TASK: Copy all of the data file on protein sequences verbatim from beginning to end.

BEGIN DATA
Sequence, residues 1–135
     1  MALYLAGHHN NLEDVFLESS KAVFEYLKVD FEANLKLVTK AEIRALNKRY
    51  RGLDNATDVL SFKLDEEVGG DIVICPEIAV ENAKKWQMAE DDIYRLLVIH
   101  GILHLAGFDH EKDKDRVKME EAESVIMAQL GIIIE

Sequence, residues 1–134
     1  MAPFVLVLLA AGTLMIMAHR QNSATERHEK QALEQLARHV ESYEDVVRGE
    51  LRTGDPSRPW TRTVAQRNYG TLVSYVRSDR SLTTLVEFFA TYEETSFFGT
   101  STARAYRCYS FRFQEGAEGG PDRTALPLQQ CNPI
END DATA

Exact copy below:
Sequence, residues 1–135
     1  MALYLAGHHN NLEDVFLESS KAVFEYLKVD FEANLKLVTK AEIRALNKRY
    51  RGLDNATDVL SFKLDEEVGG DIVICPEIAV ENAKKWQMAE DDIYRLLVIH
   101  GILHLAGFDH EKDKDRVKME EAESVIMAQL GIIIE

Sequence, residues 1–134
     1  MAPFVLVLLA AGTLMIMAHR QNSATERHEK QALEQLARHV ESYEDVVRGE
    51  LRTGDPSRPW TRTVAQRNYG TLVSYVRSDR SLTTLVEFFA TYEETSFFGT
   101  STARAYRCYS FRFQEGAEGG PDRTALPLQQ CNPI